I wish my father had been around to enjoy this whisky. A Crown Royal devotee, he would certainly have been impressed with its structure, elegance and complexity. He also would have ooed and ahhed at the sight of the oversized, shimmering golden crown top and lovingly caressed the silver velvet sack, a historical salute to the iconic purple versions of yore (which, as a kid, I would pinch from Dad's bar to illicitly store my marble collection in the pre-Xbox days of boyhood diversions).
Crown Royal is a brand synonymous with Samuel Bronfman, a man synonymous with Canadian whisky. "Mr. Sam" created the spirit for his Seagram company in 1939 in honour of the North American tour by reigning British monarchs King George VI and Queen Elizabeth. A mere 100 cases were reportedly made of that rich, mellow elixir, personally blended by the late, great Prohibition-era capitalist, who reputedly sampled from 600 barrels to come up with the final composition. Sam spared no expense to make that initial, tiny production run, placing five cases each on royal trains leaving Montreal and Ottawa, respectively, for the Canadian legs of the tour. (He held back 90 cases for personal use – as I would have.) Word of its quality got around and eventually Crown Royal was reproduced and launched as a going concern.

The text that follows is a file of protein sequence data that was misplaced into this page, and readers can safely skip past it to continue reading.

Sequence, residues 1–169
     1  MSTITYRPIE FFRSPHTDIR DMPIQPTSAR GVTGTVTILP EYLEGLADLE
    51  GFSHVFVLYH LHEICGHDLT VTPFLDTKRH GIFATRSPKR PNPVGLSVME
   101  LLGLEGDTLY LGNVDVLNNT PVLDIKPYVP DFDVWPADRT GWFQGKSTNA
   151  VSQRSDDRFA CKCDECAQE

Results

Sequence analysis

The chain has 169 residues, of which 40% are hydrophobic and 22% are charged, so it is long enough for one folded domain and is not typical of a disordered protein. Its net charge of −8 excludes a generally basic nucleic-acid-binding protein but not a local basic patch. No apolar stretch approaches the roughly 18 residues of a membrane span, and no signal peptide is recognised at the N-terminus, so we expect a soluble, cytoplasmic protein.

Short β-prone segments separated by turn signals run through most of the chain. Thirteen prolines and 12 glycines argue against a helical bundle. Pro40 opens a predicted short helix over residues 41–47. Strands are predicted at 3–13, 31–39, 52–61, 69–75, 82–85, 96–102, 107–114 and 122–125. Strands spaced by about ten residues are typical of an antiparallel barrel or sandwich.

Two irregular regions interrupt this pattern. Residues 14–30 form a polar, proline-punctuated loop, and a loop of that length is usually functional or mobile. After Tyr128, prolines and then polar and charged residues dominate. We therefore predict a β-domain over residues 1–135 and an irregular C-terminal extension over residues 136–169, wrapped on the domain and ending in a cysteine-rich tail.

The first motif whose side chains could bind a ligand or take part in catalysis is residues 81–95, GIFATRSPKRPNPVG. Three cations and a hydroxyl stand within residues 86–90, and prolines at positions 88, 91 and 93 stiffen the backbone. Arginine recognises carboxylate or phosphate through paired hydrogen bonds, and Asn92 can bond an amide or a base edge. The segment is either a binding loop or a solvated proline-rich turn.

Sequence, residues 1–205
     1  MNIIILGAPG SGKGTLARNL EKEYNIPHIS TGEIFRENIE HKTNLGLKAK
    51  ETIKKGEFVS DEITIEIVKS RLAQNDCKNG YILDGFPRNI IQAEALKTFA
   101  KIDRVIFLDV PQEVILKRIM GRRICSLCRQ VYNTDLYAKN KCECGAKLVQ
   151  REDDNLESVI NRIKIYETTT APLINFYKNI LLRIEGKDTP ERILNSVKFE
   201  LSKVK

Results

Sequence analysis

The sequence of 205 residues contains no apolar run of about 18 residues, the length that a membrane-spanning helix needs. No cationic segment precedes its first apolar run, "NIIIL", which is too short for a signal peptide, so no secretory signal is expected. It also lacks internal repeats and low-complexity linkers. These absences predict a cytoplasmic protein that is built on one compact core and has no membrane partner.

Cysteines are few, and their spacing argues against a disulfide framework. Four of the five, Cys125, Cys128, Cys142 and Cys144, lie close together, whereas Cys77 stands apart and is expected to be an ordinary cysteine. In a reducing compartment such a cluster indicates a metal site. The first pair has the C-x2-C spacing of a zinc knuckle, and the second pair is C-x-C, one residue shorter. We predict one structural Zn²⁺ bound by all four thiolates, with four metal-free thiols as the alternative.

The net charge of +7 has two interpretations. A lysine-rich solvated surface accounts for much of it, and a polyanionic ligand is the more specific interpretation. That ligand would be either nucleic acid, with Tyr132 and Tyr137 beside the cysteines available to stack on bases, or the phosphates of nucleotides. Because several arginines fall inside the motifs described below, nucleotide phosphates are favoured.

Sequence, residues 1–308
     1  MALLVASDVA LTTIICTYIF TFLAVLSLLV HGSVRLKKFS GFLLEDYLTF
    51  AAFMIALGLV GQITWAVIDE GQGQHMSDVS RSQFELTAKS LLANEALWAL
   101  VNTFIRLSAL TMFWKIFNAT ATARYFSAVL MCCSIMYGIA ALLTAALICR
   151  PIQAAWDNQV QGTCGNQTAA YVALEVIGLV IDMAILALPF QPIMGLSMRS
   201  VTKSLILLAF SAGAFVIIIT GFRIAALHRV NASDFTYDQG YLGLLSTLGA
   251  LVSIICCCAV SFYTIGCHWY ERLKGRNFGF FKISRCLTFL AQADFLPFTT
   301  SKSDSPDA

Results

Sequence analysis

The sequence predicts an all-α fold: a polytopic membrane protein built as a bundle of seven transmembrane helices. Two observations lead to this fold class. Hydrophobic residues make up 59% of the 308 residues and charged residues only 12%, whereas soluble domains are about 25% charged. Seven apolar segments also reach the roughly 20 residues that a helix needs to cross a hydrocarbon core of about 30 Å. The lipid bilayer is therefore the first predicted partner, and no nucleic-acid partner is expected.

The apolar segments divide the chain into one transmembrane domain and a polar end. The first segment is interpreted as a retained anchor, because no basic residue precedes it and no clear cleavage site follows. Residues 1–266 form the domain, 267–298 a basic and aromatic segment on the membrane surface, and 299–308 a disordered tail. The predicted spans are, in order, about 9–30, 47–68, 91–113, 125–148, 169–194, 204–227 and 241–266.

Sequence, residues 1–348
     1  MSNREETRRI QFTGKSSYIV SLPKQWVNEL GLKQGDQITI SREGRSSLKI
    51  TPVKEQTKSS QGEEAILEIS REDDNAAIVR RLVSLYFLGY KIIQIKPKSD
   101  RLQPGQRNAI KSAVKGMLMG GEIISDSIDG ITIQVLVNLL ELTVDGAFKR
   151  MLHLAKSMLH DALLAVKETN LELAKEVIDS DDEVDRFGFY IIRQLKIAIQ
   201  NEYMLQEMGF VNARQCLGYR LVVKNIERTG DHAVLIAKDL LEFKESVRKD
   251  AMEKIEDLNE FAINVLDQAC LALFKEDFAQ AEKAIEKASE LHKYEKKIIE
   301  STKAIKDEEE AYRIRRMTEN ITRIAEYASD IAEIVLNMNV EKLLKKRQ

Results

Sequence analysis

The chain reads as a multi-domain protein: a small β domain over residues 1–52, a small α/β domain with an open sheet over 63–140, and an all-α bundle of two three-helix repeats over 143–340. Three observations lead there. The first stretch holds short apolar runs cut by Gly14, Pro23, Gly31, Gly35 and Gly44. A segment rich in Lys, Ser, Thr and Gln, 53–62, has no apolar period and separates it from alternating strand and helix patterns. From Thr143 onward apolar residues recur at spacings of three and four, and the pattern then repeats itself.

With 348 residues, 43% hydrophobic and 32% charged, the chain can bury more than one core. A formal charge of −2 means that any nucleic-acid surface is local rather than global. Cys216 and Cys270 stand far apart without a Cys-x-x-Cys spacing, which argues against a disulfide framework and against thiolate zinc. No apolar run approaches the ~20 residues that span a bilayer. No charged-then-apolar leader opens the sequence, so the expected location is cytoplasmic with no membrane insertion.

For the whisky's 75th anniversary, Crown Royal master blender Joanna Scandella dipped into the "library" of about 1.7 million barrels to mix and match special ingredients for what she felt would make the most suitable tribute. Most notably, this superpremium blend contains a high proportion of the fabled old stock known in the company as "coffey rye" – named after a still design invented by Irishman Aeneas Coffey – that has been maturing in barrels in Gimli, Man. She also sourced a precious quantity of intensely flavoured coffey rye from the distiller's Waterloo, Ont., warehouse, where Bronfman first made Crown Royal and which ceased production more than two decades ago.
"We really wanted to highlight the coffey rye," Scandella told me in Toronto recently, describing that spirit's flavour as "creamy-chocolate and fruity, but almost banana-like." The Gimli and Waterloo spirits also have been maturing for considerable time in charred oak, which imparts a smooth, caramel-like flavour and texture.
I'd say Scandella deserves to be crowned 2014's best whisky blender on the planet for Monarch alone. It's a tour de force, robust, nutty and more powerful than its 40-per-cent alcohol would suggest, with an invigorating backbone of spice giving structure to its fruity, rich depth.
A one-time-only blend, it's available in limited quantity across the country for a suggested retail price of $75. Grab a bottle before I buy them all.